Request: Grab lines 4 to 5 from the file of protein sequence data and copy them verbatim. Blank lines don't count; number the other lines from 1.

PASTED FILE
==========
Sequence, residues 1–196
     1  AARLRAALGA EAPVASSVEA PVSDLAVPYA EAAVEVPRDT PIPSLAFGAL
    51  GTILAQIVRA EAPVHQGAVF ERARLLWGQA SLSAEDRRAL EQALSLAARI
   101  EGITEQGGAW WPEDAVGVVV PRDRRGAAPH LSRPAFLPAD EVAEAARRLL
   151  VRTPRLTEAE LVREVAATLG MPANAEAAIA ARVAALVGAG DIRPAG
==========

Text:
   101  EGITEQGGAW WPEDAVGVVV PRDRRGAAPH LSRPAFLPAD EVAEAARRLL
   151  VRTPRLTEAE LVREVAATLG MPANAEAAIA ARVAALVGAG DIRPAG